Economic measures to support the Intifada

Xxxx Xxxxx Xxxxxx xxxxxxxx at xxxxxxxxxxx.xxx
Tue Oct 31 21:29:39 MST 2000


Wednesday, November 01, 2000
Bahrain Local Time
6:15:25 AM

Bahrain Tribune

http://www.bahraintribune.com/column.asp?Art_No=5273

Economic measures to support the Intifada
Author By: Adnan Bseisso Al Ayam

The Arab summit that was recently held in Cairo adopted a resolution to
set up two funds. The first, the Al-Aqsa Fund, is to have a capital of
$800 million and will finance projects that aim to safeguard the Arab
identity of Jerusalem and enable the Palestinian people to be free of
their dependence on the Israeli economy. The second, the Jerusalem
Intifada Fund, will have a capital of $200 million.

The resolution is a sound one and is likely to mitigate the suffering of
the steadfast Palestinian people living under occupation. Some analysts
believe, however, that the resolution fell far short of the actual
requirements of the expected protracted struggle with the Israeli
occupiers so as to ensure that they will be compelled to withdraw from
the occupied Palestinian territories in the same way they were compelled
to withdraw from southern Lebanon.

Moreover, when establishing the two funds the Arab summit did not
clarify the mechanism of implementation or the purpose for which the
funds can be used. It is also not clear whether the objective is just to
collect contributions in the two funds and then spend them without
creating a mechanism for investing those funds.

In other words, will the two funds be established for one time only and
their task will be completed when the money is spent, or is the aim to
establish investment funds that yield returns that can be spent in
various fields as required?

The summit’s resolution does not make that clear, and such ambiguity
could impede the efforts to make the optimum economic use of the funds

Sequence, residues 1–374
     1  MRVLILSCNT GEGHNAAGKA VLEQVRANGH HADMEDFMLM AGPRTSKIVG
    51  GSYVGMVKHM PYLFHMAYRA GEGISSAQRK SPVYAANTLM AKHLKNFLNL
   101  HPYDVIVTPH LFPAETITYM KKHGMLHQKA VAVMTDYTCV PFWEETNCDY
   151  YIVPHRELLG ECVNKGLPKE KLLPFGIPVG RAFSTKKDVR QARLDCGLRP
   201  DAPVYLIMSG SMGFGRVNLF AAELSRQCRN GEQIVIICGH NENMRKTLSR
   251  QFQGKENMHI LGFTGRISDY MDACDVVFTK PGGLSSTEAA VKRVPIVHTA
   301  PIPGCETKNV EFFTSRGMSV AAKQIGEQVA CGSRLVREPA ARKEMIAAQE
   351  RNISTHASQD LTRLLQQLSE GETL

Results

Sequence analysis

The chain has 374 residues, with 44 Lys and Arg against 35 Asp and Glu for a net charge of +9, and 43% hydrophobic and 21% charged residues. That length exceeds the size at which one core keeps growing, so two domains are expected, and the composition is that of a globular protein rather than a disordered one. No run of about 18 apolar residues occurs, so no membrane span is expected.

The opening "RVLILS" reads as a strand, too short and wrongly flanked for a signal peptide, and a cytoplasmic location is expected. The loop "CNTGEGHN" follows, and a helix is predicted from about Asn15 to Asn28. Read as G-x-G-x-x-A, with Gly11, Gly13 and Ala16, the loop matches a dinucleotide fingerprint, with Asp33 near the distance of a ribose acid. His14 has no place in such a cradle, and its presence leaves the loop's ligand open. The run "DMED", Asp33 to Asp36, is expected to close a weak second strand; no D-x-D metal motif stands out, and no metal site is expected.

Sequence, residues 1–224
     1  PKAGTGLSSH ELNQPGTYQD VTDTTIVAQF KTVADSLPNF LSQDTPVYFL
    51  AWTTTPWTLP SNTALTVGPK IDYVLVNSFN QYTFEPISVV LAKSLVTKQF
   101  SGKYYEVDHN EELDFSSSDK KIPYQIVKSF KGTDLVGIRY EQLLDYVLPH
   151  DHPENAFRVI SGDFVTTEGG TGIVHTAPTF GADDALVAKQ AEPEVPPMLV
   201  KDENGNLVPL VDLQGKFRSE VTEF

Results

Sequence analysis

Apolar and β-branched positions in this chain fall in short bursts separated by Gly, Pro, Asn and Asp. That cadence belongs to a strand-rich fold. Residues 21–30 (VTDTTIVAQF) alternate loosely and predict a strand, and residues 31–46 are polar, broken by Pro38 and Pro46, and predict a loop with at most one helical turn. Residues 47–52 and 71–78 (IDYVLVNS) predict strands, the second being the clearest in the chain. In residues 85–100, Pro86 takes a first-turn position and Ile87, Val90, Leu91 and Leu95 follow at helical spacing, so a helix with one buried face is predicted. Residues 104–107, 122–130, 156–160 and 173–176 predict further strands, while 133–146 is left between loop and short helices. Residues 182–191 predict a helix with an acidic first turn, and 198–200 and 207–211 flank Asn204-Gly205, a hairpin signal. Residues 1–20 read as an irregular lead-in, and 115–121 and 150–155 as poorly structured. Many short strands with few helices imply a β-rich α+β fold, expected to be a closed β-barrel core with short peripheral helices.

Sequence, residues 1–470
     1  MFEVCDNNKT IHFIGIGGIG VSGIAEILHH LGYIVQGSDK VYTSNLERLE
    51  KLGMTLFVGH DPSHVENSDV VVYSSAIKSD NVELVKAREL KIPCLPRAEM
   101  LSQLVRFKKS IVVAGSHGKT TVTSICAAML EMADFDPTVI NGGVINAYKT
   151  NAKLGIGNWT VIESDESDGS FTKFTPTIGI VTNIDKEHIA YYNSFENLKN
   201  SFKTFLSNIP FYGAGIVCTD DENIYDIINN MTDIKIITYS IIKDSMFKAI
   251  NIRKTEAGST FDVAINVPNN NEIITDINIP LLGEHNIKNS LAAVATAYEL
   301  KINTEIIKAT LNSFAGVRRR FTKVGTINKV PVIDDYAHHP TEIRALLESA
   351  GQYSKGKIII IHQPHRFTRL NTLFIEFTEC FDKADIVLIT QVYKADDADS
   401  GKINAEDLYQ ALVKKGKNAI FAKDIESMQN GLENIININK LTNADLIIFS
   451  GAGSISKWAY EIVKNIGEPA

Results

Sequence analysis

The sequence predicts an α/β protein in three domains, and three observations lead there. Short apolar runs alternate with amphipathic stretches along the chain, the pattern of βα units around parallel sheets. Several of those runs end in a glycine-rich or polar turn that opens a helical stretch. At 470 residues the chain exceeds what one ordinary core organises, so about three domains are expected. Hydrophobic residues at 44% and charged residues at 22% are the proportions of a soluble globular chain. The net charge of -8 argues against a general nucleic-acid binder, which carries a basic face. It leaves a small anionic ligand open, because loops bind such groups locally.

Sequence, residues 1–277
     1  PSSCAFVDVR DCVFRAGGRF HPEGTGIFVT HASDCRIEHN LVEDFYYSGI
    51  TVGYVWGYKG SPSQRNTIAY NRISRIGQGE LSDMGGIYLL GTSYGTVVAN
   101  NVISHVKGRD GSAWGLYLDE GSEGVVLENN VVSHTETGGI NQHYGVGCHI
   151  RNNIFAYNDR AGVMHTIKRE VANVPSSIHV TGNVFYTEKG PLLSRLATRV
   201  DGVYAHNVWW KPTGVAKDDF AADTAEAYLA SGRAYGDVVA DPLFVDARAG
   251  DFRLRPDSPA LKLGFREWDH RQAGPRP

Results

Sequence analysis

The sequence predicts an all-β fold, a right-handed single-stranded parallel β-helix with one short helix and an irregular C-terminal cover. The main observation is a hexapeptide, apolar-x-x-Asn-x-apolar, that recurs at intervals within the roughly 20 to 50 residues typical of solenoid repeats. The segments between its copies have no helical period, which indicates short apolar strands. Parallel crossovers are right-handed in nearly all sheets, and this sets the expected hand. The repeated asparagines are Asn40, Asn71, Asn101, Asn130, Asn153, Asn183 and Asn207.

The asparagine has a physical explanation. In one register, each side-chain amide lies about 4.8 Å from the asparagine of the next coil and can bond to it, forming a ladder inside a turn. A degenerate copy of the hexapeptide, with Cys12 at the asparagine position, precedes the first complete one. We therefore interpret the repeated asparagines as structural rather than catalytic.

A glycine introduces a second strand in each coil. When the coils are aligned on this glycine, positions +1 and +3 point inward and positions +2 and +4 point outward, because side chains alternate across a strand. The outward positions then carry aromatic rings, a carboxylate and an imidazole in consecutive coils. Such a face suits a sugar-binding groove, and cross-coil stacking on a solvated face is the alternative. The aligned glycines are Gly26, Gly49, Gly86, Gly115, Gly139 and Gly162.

in order to achieve the noble aims for which the two funds were
established, and to guarantee the continued financial support for the
Intifada to enable it to achieve its objectives, and to honour the blood
that has been shed in defence of Muslim and Christian sanctities in
Jerusalem.

If this important resolution to establish the two funds is implemented
it will be the first practical decision taken by the summit. There are
great hopes pinned on its implementation in view of the public
commitment to do so by Saudi Arabia which proposed the creation of the
two funds and announced that it will be contributing one quarter of
their capital once the implementation begins.

Our appreciation for the resolution notwithstanding, the economic
requirements that ensure the continuation of the Al-Aqsa Intifada are
much greater than is suggested by the two funds. What is required is not
to give the Palestinian people aid and assistance which may be rejected
by the majority, but to create opportunities for their trained and
qualified manpower to find jobs in the Arab states that have employed
millions of foreign workers. What is required is a phased and gradual
merger of the Palestinian economy with the Arab economies so that they
can be free of their dependence on Israel which has infiltrated the
structure of the Palestinian economy.

To complement this Arab consensus to champion and
support the Palestinian people – who stand on the frontline confronting
the Israeli occupiers who covet all Arab resources in a loathsome racist
manner – it is necessary to create, on the Arab League level, a body
that will draw up a well-studied interim plan that takes objective Arab
conditions and circumstances into consideration in order to restore the
Palestinian economy to the sphere of the Arab nation. Such a restoration
is a strategic pan-Arab goal to prevent the loss of the Palestinian
economy and to prevent it from being cut off from its roots and true
affiliation and from becoming ‘Israelised.’

Such a plan should allow for opening Arab markets to Palestinian
agricultural and industrial products, despite all obstacles and the
Israeli blockade. The Cairo summit has resolved to study the exemption
of Palestinian products from customs duties and taxes on their import
into Arab markets. That is an important step that will give an incentive
to the Palestinian economy to grow in accordance with sound commercial
standards. One last and necessary comment. At a time when the Arabs
agree on championing the Palestinian people and supporting their
uprising, there are many wealthy Palestinian businessmen who still shy
from channelling their wealth to their original homeland. That is very
regrettable. Wisdom and logic dictate that they should take the lead in
this regard. Perhaps the present awakening will make them feel that they
must contribute their share to the homeland, at a time when their
children, brothers, women, and fathers did not hesitate to give their
blood, the dearest contribution which anyone can make.

– Translated from our sister newspaper, Al Ayam.

--

Xxxx Xxxxx Xxxxxx
PhD Student
Department of Political Science
SUNY at Albany
Nelson A. Rockefeller College
135 Western Ave.; Milne 102
Albany, NY 12222



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